In the western suburbs of the 2nd district of Budapest, on Pasaréti Square, is one of the more striking examples of interwar modernist architecture in Hungary: the Franciscan Church of St. Anthony of Padua. The innovative nature of the design is apparent if we compare it with other churches built in Hungary shortly before, such as the Church of the Sacred Heart of Jesus in Győr of 1929, or the Church of St. Emeric in Balatonalmádi (1930). We can also gain a sense of the striking addition it made to the cityscape when we view it in its environs, a low-density neighbourhood of villas. It is commonly regarded as one of the most important churches built in interwar Hungary, and as evidence of the embrace by the Hungarian Catholic church of modernity. Consecrated in October 1934, it might have been the first example of functionalist church architecture in Hungary, had it not been for the tumultuous process of its approval that delayed its completion. As a result, the Church of the Sacred Heart of Jesus by Bertalan (1901–1971) and Aladár Árkay (1868–1932) is generally held to have that distinction.
Ernst Nepo‘s Family Portrait (The Keller Family) is considered one of the most important social portraits in Austrian art between the wars. In it, the Innsbruck architect Wilhelm Keller (1886–1934) and his wife Anni stage their social self-image and idea of education through their daughters. On first sight, the painting presents itself as a sharp photographic snapshot. In contrast to previous interpretations, however, the aim here is not merely to observe this style and its pretended spontaneity, but to consider the way the work also indicates new ideas of childhood and youth in the interwar period. What image of the adolescent appears, with the girls Ditta and Dora larger than life in front of the viewer? What role do they have within their family? Moreover, what do the architectural toys indicate?
One sweltering Budapest summer, many years ago, I was a university student taking an exam in twentieth-century Hungarian art. The friendly visiting lecturer smiled encouragingly as I summarised the career of the painter Vilmos Aba-Novák (1894–1941). Soon after starting to train as an artist, Aba-Novák was drafted into the army. After the war, he resumed his studies in printmaking, while also practising painting. Around this time he belonged to the circle of István Szőnyi (1894–1960), a group known for their idyllic compositions of nudes outdoors. Also interested in rural subjects, he frequented artists’ colonies such as the one in Nagybánya (Baia Mare) and – more importantly – in Szolnok. For 1928–30 he received a scholarship from the Hungarian state to study in Rome. The purpose of the Rome scholarships introduced by Minister of Religion and Education Kuno Klebelsberg (1875–1932) was to encourage artists to develop a new monumental style fusing tradition and modernity, so they would be well equipped to fulfil state and ecclesiastical commissions. Returning from Rome, Aba-Novák painted a number of frescoes, but these, I blurted out, are rather clumsy compared to his other work.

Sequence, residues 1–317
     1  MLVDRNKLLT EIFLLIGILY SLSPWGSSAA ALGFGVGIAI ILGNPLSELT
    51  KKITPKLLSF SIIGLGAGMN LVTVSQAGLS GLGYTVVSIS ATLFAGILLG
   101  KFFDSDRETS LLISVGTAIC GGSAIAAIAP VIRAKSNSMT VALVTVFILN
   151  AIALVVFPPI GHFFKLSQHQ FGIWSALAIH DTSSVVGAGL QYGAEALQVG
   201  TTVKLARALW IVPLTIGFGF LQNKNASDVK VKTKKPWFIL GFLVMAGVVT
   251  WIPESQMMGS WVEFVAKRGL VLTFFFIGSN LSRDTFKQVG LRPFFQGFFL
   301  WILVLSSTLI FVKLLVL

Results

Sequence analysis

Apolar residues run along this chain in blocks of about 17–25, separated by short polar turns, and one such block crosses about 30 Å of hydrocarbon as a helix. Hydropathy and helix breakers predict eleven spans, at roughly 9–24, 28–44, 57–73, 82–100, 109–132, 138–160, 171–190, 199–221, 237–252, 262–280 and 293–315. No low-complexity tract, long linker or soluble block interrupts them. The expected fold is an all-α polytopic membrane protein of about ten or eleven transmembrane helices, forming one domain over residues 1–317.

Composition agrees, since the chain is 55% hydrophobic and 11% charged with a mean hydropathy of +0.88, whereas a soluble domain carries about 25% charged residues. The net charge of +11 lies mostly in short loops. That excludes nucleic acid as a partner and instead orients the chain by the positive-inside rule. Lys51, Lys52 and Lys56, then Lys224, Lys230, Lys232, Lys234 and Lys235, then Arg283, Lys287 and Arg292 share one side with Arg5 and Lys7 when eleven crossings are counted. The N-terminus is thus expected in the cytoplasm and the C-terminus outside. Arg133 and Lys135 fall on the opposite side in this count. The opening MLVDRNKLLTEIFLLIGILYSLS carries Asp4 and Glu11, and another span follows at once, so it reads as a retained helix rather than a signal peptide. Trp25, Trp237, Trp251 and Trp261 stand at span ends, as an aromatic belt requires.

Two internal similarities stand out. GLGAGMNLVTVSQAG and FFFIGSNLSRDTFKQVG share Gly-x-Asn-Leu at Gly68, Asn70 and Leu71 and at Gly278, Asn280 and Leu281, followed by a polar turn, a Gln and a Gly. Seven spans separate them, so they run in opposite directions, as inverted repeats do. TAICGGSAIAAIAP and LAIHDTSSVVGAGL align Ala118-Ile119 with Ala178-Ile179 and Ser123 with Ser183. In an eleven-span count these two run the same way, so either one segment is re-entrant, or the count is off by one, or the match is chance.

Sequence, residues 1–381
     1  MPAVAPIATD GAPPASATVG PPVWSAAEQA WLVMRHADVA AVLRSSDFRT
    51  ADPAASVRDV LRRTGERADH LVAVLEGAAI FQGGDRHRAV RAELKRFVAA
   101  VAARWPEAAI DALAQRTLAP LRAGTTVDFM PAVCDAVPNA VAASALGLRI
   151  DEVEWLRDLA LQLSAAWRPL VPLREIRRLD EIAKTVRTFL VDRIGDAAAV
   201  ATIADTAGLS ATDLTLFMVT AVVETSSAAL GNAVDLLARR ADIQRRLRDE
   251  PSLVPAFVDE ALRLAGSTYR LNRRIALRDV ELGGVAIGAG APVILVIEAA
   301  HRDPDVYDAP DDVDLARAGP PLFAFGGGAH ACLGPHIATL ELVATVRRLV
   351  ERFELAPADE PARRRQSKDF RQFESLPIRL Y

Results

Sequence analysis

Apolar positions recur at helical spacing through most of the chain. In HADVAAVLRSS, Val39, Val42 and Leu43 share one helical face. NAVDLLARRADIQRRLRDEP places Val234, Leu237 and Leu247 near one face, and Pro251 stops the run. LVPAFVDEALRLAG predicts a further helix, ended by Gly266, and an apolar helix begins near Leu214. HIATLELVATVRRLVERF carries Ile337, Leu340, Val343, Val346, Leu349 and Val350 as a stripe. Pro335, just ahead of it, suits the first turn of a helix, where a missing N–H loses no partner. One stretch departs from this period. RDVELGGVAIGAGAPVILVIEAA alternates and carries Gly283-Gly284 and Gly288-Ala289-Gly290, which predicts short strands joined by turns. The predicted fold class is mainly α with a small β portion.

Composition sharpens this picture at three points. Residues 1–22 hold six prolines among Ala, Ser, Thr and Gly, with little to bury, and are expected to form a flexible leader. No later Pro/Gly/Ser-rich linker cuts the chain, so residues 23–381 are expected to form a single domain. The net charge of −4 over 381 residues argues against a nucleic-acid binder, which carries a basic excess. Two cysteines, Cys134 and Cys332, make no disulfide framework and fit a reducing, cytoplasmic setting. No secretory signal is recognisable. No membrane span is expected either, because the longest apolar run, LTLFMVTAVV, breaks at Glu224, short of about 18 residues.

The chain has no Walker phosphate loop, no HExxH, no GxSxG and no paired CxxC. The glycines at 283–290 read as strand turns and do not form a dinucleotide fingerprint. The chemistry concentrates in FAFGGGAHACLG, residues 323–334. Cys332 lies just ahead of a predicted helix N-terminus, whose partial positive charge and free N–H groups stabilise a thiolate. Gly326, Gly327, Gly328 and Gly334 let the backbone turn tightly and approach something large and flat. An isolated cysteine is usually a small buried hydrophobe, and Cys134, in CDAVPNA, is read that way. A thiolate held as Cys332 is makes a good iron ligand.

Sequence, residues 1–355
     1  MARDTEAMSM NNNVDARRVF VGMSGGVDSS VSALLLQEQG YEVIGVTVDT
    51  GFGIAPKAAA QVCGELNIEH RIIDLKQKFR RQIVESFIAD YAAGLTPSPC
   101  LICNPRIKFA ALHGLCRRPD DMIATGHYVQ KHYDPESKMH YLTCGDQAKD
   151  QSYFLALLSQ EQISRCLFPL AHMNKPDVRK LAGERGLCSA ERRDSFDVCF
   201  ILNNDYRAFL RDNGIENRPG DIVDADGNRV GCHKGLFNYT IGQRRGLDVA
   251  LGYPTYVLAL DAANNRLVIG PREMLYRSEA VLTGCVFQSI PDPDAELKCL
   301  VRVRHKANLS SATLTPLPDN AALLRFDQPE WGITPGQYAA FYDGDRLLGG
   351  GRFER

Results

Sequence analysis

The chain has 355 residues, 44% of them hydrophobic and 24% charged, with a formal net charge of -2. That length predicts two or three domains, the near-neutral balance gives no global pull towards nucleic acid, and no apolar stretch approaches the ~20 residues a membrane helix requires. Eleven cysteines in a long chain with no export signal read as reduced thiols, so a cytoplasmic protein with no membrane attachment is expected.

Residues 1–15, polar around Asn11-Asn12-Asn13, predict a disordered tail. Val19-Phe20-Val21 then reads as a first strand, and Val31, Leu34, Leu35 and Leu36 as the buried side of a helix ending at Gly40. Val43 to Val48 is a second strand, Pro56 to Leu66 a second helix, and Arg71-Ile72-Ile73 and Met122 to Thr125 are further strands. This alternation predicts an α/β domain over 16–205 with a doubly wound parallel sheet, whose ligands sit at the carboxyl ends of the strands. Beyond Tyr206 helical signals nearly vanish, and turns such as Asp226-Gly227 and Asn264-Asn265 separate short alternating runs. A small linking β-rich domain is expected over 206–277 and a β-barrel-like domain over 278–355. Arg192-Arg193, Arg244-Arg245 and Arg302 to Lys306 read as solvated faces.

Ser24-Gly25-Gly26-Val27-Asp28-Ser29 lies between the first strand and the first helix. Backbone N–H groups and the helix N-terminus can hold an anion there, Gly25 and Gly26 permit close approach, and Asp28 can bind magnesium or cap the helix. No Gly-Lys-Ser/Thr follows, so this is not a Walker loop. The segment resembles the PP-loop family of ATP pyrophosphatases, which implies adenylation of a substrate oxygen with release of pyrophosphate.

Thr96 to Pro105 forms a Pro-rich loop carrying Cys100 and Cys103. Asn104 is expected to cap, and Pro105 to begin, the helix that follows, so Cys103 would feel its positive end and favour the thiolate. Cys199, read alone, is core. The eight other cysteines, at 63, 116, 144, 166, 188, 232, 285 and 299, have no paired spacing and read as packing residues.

A portrait of a man and a woman, overlapping in one image through the merging of two negatives. She, looking pensive and serious, he, excited and happy. Dissecting the images, thin white lines add an additional layer to the composition, splitting it into six uneven parts.
With all these different elements, which overlap and interrupt each other, and create a lively impression of two portraits, February’s Artwork of the Month is quite a playful image – despite its rather prescriptive title: Experiment with Two Negatives at the Bauhaus. Indeed, the photograph is one of the most experimental works by its author, the Slovak photographer Irena Blühová (1904–1991). It not only gives us a glimpse into student photography at the Bauhaus but also relates to less explored aspects of the school’s history – social photography and student activism – and the role in it of one of Slovakia’s best-known interwar photographers.
‘How much does the Austrian President Masaryk receive as his salary?’ Alice Schalek (1874–1956) was asked this question by a Japanese reporter in Tokyo during her journey there in 1923–24. Perceptions changed a lot after the First World War. The enterprising and renowned traveller Tomáš Garrigue Masaryk (1850–1937) had evidently been more successful with his countless diplomatic trips and obtained more publicity than the actual leaders of the first Austrian Republic, such as Karl Renner (1870–1950) or, later, Ignaz Seipel (1876–1932). And this might as well describe Schalek’s mission and the purpose of her trips: venturing into political affairs and social events in foreign countries and utilising them to promote herself (and, to a lesser extent, the interests of Austria). For this, the journalist and photographer Schalek literally had to explore new ways of entrepreneurship, especially as a woman travelling the world on her own.